For this reason, all Great Dane owners should consider whether their dog should have an elective procedure called a prophylactic gastropexy, where the stomach is surgically fixed to the body wall to help prevent GDV from occurring. It is often done at the time of neutering and, with an experienced surgeon, it’s a quick procedure – it can even be performed laparoscopically (camera-assisted) these days, making it even less invasive. However, as with all surgeries, there are risks and potential complications, which is why it’s key to have a discussion with your vet. Given that a prophylactic gastropexy can be lifesaving, it is definitely worth a chat about it to see if it’s a good option for your Dane. 

The breed is known to be at risk of a heart problem called dilated cardiomyopathy (DCM). DCM is a disease of the heart that large breed dogs are susceptible to. Here, dilation of the heart makes it unable to pump effectively, this means that often they can’t pump enough blood out of the heart to meet the body’s needs and it leads to signs like fainting and collapse. Some dogs have arrhythmias, and also have signs of congestion. Congestion occurs where inadequate pumping causes a back-up of blood in the heart and lungs leading to pulmonary oedema (fluid in the lungs), as well as ascites (fluid build-up in the abdomen). DCM may be treatable for some time, but it is irreversible and progressive, meaning that dogs will generally succumb to the disease within a year. It has, in part, a genetic basis, and affected dogs shouldn’t be bred from.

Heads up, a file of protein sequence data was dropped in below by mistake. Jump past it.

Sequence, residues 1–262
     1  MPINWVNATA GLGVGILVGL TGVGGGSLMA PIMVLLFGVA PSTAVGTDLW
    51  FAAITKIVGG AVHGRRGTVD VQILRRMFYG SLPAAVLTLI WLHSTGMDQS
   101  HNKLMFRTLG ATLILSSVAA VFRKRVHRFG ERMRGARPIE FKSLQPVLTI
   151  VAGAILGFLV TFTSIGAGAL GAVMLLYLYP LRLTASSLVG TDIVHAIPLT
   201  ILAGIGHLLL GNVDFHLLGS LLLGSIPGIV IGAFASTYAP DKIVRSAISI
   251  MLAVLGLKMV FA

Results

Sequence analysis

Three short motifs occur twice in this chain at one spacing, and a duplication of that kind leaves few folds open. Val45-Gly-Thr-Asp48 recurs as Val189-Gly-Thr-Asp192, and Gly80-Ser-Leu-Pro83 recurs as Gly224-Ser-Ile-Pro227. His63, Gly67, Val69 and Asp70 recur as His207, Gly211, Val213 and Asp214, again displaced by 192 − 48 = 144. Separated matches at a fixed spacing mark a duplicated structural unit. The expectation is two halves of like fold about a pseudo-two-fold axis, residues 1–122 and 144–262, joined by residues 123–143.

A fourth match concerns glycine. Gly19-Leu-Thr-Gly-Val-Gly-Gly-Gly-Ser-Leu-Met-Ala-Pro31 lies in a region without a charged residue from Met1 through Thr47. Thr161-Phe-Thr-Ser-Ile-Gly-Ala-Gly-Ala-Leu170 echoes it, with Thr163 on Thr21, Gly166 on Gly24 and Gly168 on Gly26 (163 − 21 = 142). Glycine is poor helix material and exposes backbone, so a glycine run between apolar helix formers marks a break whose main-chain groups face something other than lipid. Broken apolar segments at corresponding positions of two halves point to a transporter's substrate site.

1. GDV 
  2. Heart conditions – especially DCM
  3. Osteosarcoma – malignant bone tumours
  4. Cervical spondylomyelopathy – Wobbler’s syndrome, where overgrowths of the vertebrae cause compression of nerve roots in the neck, leading to pain and neurological signs, sometimes dogs can have problems with the disks that act like cushions between the vertebrae too
  5. Hip- and elbow dysplasia – abnormal joint formation that is a common cause of lameness and later arthritis. 
  6. Some endocrine disorders, especially Addisons and Hypothyroidism, are more common in the breed.


Lead author: Yvette Bell MRCVS